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In her book “Charles Ives Reconsidered” (UI Press), musicology professor Gayle Sherwood Magee notes that even before his death in 1954, the composer has always had “an unusual, almost cult-like following.”
And he was pleased when his adorers in modernist music circles hailed the anti-establishment, iconoclast composer as “the father of the American avant-garde,” she said.
But the legacy of Ives, the father – perhaps best known for his decidedly dissonant, polytonal compositions – may not, in fact, match completely with the true biography of Ives, the classically trained musician, composer and insurance executive.
“The way he has always been presented since the 1920s,” Magee said, is as “this wild, modernist maverick who has been composing on his own, who turned his back on the institution, on the establishment and who made his own way.
“This version of Ives’ life, with its trajectory of rejection, struggle, acceptance and redemption, remains incredibly attractive, perhaps especially to those of us who feel embattled on behalf of modern American music,” Magee writes in the book’s introduction.
However, the marginalia of Ives’ life – which the musicologist deciphers through her re-examination of past scholarship and introduction of new sources – reveals there’s really much more to the score for this Gilded Age shape-shifter.
“The problem with this story is that, as with all narratives, it is only partially true. Conflicting information has been omitted or downplayed, and other perspectives overemphasized in the process. Gaps – of which there are many – have been filled in using problematic evidence and in keeping with the advocacy role that shapes most scholarship and biography.” Ives himself is responsible for at least some of the revisionist history.
For example, after the composer abandoned more traditional European-influenced compositional forms, such as the sonata or the symphony, and began to experiment with a more modernist, “American” approach to his music, “people thought he didn’t know what he was doing,” Magee said. “They thought he was just putting a bunch of music and dissonance together that didn’t really work just to be new. And people called him a crackpot and assumed he was uneducated, when, in fact, he was extremely educated.
“He had the best possible music education in the 1890s under Horatio Parker at Yale (University). He was willing to admit that in his first publication (of a song collection) in 1920. After that, he covers that fact; he was not dishonest, but was changing the emphasis and hiding it.”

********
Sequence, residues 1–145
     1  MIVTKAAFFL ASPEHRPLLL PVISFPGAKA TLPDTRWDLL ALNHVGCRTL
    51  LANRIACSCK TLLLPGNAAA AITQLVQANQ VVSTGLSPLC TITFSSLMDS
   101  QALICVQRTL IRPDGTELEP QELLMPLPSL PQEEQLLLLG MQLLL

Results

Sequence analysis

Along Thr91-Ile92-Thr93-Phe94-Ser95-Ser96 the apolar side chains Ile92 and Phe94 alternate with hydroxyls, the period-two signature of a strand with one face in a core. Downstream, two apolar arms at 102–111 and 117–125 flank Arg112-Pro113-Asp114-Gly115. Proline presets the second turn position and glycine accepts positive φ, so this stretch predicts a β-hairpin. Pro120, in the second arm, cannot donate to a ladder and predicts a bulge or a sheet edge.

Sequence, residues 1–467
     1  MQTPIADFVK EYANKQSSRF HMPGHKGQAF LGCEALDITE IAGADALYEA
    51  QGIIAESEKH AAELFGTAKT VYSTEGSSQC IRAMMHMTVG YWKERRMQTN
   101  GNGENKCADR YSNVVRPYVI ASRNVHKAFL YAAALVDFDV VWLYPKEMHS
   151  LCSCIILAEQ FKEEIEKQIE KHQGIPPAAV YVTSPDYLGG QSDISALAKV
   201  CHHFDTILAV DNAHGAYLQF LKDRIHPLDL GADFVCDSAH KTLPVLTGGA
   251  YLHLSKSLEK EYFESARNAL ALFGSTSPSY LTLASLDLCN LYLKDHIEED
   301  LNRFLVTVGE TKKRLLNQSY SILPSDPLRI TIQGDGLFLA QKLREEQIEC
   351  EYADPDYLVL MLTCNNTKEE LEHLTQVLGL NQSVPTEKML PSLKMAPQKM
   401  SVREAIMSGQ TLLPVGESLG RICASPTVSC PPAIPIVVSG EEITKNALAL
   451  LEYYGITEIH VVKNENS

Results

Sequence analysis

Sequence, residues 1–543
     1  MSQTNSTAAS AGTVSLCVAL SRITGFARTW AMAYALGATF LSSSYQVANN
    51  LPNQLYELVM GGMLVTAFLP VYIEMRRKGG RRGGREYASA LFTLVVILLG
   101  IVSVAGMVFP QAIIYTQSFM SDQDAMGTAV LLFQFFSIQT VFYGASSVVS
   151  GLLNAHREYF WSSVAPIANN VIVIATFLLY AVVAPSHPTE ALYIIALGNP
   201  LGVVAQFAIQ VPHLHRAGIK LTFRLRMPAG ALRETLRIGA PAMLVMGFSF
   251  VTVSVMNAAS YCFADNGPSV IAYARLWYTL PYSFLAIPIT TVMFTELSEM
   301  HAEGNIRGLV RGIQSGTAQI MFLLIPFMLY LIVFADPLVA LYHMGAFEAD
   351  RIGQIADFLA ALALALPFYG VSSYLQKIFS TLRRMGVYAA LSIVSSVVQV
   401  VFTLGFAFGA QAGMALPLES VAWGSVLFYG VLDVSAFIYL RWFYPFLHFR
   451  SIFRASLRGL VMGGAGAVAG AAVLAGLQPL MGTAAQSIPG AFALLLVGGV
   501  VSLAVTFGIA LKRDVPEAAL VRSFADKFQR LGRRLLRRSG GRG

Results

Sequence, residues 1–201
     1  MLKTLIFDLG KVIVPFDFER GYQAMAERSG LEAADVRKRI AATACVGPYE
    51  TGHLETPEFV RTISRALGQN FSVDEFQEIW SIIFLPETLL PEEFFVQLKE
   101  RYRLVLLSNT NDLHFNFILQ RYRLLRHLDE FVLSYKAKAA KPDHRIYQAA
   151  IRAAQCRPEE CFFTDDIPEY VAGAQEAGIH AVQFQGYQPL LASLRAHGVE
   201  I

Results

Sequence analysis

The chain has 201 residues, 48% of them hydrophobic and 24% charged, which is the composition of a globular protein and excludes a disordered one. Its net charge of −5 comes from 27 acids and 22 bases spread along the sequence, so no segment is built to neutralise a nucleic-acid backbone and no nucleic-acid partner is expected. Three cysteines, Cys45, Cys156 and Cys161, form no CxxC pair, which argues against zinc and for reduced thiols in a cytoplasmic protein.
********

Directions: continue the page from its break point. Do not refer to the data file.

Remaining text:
Magee said Ives’ earliest compositions, which he wrote after graduating from Yale, reflected his search for his own voice. That voice had a more traditional accent and combined the stylings of his teacher’s European-music influences and popular amateur-commercial composers of the day. Also evident in some of his other early tunes – hymns, marches and patriotic songs reminiscent of the Civil War era – was the influence of his bandleader father.
When Ives failed to land a job after the premiere of his “Celestial Cantata,” which embodied what Magee called the “unhappy synthesis” of European music traditions and commercially viable music, Ives retreated from the music world to pursue a career in the insurance business.
“That’s been taken as, ‘how brave … how extraordinary … what a maverick,’ ” Magee said. In reality, she believes it was a more practical move, necessitated by Ives’ need to provide for a wife and family.
As he was achieving success in insurance, Ives continued to write music on the side, printing copies and distributing it widely to friends, associates, music critics and others, even paying musicians to perform his work in concert.
“One thing I document in the book is that Ives had been paying people to perform his music all through the teens,” Magee said. “This is something that has gone unrecognized.”
According to the UI professor, scholarly efforts to re-examine the myth and the man and bring more clarity to the Ives narrative began in the 1970s. But in 1987, with the publication of an article by Maynard Solomon in the Journal of the American Musicological Society, a full-fledged controversy erupted when “Solomon suggested that Ives could have falsified the dates of his compositions to appear more modern than he really was.”
In her book, Magee, whose dissertation focused on the controversial dating issue, brings her own scholarship to bear.
“My explanation is that the dates are just a mess because Ives would work on things for decades at a time,” she said. “And he didn’t keep a list saying, in 1914 I came back to this and revised it very carefully and threw out that version in 1917.”
The bottom line for her, she said, is “we’ll never know” definitively.
“And, as my adviser, Bob Morgan said, ’It really didn’t matter if Ives wrote something in 1898 or 1929 because no one else wrote that anyway.’
“If you’re just looking at the music, it’s still extraordinary. It doesn’t matter if it’s 30 years later. It is what it is. And there’s enough documentation that we know he had these ideas on his own.”